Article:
In our area, after a really dry summer, it is not uncommon to have a 2 inch gap between your foundation wall and the surrounding ground.

It cost him $14,000 to drill holes and mudjack the house back level and fill the void under the driveway, then another $60,000 in repairs to the interior/exterior of the home.

I think the only ones who will solve this for you will be the engineers. They have the experience, tools and equipment.

Good luck.

oh'mike 08-26-2011 07:34 PM

Where on this earth are you? Texas has expansive clay and a drought --houses are sinking all over the place---

A location --soil type and weather conditions would help.

unfortunateluck 08-27-2011 10:40 AM

Thanks everyone. We are in Missouri, but I have no idea what kind of soil we have. I think it is mostly clay but I guess we'll find out when the engineer comes Tuesday. We have only lived in this house since November so we have not made too many major changes. We did have some yard work done on the west side of the house - had our downspouts extended out to the streets and buried. Also had one French drain put in on that same side by our fence gate because the yard would get so saturated and wet right there. Other major repairs were 1- we had an interior French drain pit in along the west wall and 2- we had our front yard (south side of house) dug up 11 feet down to repair our sewer lateral. Those are all the major events since we've moved in (aside from the June earthquake). I truly cannot imagine that minimal yard work made our house sink 1" in 3 months, but I guess stranger things have happened! I sure hope we don't return home one day to find half our house fell down. Ugh!!

unfortunateluck 09-01-2011 12:59 PM


unfortunateluck 09-01-2011 01:10 PM

UPDATE: we had the structural engineer come out and inspect our foundation, as well as our front porch, which spans the lengths of the front of our house and shares one wall of our foundation. There is a large void underneath the porch where the earth has settled, about 12". First off, the engineer asked how the last company had determined our house sank an inch in 3 months. We told him he used a laser level and told us all the corners were down, which differed from the laser level measurements the other basement companies had taken. Right away he said laser levels are an unreliable method to determine movement because they are based on the assumption that everything was perfectly level and without flaw when the house was built. He said that's just not the case usually. He also said that if it settled that much in 3 months, that we would've seen obvious signs upstairs, such as drywall cracks, doors suddenly sticking that weren't before, etc. We do not have any visible drywall cracking upstairs. our front door does stick but that is because the front corner HAS definitely settled. The engineer said it looks like all settling occurred BEFORE we moved in. He recommended a wait and see approach. He said wait a year and monitor (he gave us a method to monitor). If it's still moving, then get the front corner piered. If not, the close the basement back up and enjoy it. He said we wouldn't be causing ourselves any harm by waiting, though I have heard otherwise. He also did NOT recommend mudjacking the porch. He said do it the old fashioned way by getting a load of topsoil and shoving it under with shovels. He said if the ground couldn't support the weight of the porch before, then it's not going to do well with new added weight of more concrete. He also said he doesn't like the pressure involved with mudjacking so close to the foundation. SO>>> I don't know. Seems like every piering company tells us something different and so we hired an independent engineer and still don't know if we're getting good info. We also thought it was weird because he took NO measurements, he used NO equipment, etc. Just eyeballed everything. It is a reputable firm though who has been in business 30 years. anyone have thoughts on any of this?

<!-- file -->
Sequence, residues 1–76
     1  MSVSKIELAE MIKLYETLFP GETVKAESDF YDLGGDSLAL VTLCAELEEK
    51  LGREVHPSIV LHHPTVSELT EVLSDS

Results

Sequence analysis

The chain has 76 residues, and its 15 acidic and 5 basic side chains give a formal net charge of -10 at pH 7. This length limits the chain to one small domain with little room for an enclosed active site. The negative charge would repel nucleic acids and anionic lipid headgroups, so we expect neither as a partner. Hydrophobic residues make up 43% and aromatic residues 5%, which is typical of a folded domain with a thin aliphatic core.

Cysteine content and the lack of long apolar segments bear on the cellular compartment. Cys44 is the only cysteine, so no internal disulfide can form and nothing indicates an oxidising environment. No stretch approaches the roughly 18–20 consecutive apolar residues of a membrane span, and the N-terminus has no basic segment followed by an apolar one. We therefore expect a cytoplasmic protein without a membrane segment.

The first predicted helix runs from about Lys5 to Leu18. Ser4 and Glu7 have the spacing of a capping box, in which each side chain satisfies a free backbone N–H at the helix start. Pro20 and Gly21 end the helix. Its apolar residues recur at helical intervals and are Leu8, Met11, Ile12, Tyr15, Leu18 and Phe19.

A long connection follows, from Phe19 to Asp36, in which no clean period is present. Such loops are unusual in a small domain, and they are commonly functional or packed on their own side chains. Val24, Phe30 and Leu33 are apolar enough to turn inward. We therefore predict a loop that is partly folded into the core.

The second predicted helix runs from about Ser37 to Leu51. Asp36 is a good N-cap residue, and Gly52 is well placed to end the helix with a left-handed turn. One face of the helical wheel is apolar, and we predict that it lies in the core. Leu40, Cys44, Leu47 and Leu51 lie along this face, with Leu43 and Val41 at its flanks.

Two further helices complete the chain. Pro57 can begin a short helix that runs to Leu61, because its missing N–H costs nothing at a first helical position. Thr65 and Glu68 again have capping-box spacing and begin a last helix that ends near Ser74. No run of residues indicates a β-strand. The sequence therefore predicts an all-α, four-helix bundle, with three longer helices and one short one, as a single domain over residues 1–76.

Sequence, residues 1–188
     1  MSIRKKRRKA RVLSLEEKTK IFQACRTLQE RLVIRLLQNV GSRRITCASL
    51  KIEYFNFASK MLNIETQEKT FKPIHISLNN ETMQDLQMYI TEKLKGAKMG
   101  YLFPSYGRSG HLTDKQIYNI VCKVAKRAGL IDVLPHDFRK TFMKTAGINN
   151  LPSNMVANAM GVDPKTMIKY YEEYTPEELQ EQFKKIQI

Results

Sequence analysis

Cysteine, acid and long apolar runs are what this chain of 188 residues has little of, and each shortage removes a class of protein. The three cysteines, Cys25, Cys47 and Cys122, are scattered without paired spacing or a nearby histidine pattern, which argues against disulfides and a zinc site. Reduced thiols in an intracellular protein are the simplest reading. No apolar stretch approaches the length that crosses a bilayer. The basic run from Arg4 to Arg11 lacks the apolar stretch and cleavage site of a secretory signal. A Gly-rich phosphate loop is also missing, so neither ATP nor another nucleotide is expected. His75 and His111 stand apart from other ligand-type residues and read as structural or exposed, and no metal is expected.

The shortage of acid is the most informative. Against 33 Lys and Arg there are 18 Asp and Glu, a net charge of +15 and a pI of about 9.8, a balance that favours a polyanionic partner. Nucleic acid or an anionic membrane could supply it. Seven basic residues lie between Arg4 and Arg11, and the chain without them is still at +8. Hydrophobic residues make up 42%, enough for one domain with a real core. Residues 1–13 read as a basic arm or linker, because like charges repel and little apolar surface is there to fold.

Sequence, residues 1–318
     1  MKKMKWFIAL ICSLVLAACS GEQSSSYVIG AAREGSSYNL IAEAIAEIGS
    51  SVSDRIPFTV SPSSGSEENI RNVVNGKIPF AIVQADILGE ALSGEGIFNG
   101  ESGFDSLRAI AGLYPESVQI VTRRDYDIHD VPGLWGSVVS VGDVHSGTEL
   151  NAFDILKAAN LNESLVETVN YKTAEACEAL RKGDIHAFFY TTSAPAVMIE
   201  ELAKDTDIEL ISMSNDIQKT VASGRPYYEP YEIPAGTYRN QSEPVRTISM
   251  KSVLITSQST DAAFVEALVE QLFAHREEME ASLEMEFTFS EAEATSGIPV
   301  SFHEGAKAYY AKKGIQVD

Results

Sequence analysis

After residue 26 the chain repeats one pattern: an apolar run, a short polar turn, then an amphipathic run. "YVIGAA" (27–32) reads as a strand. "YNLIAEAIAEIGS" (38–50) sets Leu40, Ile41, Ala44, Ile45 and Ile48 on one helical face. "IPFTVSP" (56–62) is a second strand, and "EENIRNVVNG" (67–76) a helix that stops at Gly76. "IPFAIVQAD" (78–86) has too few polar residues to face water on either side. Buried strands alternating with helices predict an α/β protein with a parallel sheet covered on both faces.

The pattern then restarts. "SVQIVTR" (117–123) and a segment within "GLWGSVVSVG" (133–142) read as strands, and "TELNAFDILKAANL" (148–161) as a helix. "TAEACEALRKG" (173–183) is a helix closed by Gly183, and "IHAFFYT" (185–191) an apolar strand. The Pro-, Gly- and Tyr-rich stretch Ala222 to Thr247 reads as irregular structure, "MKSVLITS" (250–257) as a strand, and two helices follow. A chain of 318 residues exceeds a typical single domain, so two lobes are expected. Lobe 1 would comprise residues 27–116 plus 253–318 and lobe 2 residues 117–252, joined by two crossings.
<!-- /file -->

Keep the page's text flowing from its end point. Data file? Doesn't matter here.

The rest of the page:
ghostlyvision 09-01-2011 06:21 PM

What methods did he give you to monitor it? I'm not an engineer or anything, just one of those Texans Mike mentioned whose house sunk 2 inches this summer, we had to have 11 piers installed along the back and sides of the house to bring it back to level. We didn't get cracks in the drywall per se, but the tape lifted and kind of scrunched in quite a few places and doors were sticking, front porch trim separating, as well as the vertical brick joint on one side. What a very scary time that was (actually not quite two months ago), I can empathize with you and your plight. I would personally be shovelling dirt under the porch to fill that void, other than having another engineer inspect your house, not sure what else you can do.